South London boxer Bradley Skeete tipped for big things


Boxing legend Emmanuel Steward is tipping Bradley Skeete to become one of the world’s best.


By Wayne Bartlett

Boxing legend Emmanuel Steward is tipping former Earlsfield star Bradley Skeete to become one of the best in the world.

Steward – who’s coached a list of world champions including Lennox Lewis – bestowed the glowing verdict upon Skeete having seen the 23-year-old welterweight notch his second professional win.

The likeable South Londoner said of the praise: “To hear that, I thought it was amazing.  I’m still learning though.” 

Having learnt his trade at Wandsworth based Earlsfield ABC, Skeete – who works at a cleaning firm to aid his income – admits it’s a long road ahead, with success having a direct impact on his personal life.

He said: “The hardest thing is my girlfriend and baby living in Coventry and not seeing them.

“The money’s not great at the start but one day they’ll be able to move down here so we’re together.  When times are going hard that gives me the drive.”

Under the watchful eye of professional coach Alan Smith, Bradley also feels he’s found that connection vital to success, and sanity.

Skeete added: “Al is more than just my coach, he’s like family.  That’s the bond you need in boxing because it’s a lonely, selfish sport.  If you haven’t got good people around you it will break you.”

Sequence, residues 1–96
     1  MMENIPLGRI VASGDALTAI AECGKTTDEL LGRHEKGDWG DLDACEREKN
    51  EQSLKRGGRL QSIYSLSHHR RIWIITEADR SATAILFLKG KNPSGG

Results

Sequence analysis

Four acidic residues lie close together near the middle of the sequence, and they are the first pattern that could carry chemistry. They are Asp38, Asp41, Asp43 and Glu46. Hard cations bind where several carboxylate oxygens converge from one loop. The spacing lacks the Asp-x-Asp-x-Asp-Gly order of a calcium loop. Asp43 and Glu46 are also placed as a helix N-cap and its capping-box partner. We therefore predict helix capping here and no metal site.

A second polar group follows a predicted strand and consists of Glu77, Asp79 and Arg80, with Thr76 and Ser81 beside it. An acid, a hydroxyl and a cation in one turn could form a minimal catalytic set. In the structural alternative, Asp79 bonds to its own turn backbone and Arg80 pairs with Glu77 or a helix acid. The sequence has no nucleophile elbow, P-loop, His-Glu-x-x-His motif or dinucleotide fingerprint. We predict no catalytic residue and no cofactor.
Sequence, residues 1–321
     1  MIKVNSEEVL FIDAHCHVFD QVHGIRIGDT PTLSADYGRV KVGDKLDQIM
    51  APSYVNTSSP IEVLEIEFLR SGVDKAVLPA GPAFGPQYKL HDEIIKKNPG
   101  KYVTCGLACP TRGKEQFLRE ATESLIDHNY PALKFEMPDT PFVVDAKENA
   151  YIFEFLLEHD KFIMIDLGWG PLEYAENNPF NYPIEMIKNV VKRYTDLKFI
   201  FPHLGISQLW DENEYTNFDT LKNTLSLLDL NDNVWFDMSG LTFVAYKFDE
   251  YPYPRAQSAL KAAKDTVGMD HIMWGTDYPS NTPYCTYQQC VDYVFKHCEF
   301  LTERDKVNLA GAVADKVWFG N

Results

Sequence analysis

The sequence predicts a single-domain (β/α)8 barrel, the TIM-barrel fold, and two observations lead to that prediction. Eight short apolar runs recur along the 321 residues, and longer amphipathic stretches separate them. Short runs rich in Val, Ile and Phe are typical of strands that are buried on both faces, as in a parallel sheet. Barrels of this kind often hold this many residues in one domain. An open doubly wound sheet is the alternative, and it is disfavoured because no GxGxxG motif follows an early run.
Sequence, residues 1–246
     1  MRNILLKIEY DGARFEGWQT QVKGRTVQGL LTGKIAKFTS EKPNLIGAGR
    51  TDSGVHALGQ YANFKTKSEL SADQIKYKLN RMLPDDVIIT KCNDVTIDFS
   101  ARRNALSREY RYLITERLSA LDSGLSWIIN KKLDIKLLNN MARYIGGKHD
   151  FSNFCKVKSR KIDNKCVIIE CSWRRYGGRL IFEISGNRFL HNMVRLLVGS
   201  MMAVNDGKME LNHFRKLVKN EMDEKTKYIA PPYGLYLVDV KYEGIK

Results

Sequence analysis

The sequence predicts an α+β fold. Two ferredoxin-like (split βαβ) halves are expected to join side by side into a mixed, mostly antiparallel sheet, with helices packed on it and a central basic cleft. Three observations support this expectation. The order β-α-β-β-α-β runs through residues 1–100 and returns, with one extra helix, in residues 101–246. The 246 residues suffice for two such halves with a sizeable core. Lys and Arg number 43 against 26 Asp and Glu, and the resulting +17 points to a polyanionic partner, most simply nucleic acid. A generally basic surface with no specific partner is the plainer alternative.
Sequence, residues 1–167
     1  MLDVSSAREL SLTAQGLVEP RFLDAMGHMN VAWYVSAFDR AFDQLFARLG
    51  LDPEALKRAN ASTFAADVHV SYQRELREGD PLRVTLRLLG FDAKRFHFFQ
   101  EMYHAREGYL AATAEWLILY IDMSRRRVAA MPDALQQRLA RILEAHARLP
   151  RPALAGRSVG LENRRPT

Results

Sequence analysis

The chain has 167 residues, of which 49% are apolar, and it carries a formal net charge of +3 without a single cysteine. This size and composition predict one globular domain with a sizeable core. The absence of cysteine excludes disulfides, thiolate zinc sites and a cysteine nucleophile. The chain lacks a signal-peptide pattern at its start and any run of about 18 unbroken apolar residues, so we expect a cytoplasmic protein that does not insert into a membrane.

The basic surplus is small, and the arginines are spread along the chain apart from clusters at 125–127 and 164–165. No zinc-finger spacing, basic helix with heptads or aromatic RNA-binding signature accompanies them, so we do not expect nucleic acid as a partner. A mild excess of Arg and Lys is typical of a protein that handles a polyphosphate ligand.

In any other sport a loss can be moved on from with much less scrutiny.  In boxing, however, the repercussions of defeat can be devastating. 

So the enthusiasm and comfort with which the 6 foot plus welterweight talks of his life as a prize-fighter is infectious.

He said: “Social life, what’s that! It’s not nice having to give up times with your friends but I’ve never been one for partying.

“This is my job. You wouldn’t turn up late for work every day because you’d get the sack. So with boxing if you have a beer when you shouldn’t, you’re going to get found out.

“I started boxing when I was seven when my dad worked for Sid Khan, my coach at Earlsfield.  When I knew Sid had the boxing gym I started from there and never looked back.”

It didn’t take long for the youngster to discover he had a knack for the fistic art.

“Boxing comes natural really. I was always good at it!  When you are young it’s just a hobby but I had my first bout at 11 and won, then when I did well in the schoolboy championships I got picked to box for England in a tournament.

“I won the gold medal and from then I knew it was serious.”

 Earlsfield ABC, the starting place for national hero Frank Bruno, continued to be the place of business for Skeete’s successful progression in the amateur ranks.

Despite having reached three schoolboy finals, an ABA final and winning the NABC tournament, Skeete was soon made aware of the difference he had undertaken in his rough pro debut at Bethnal Green’s York Hall.

He admitted: “My first fight I had a clash of heads and looked to the ref to say he’s just head butted me! He just said carry on! That was a reality check after wearing a head-guard in the amateurs.”

Having notched three wins in the paid ranks, Bradley hopes to stretch his perfect streak when the boxing season resumes this month.

Whether or not he can live up to the heady praise from Boxing Hall of Fame inductee Steward though is something he’s typically taking in his stride. 

He said: “I’ve had three fights now so in another three fights time you never know how much better I’ll be.  It’s exciting times.”


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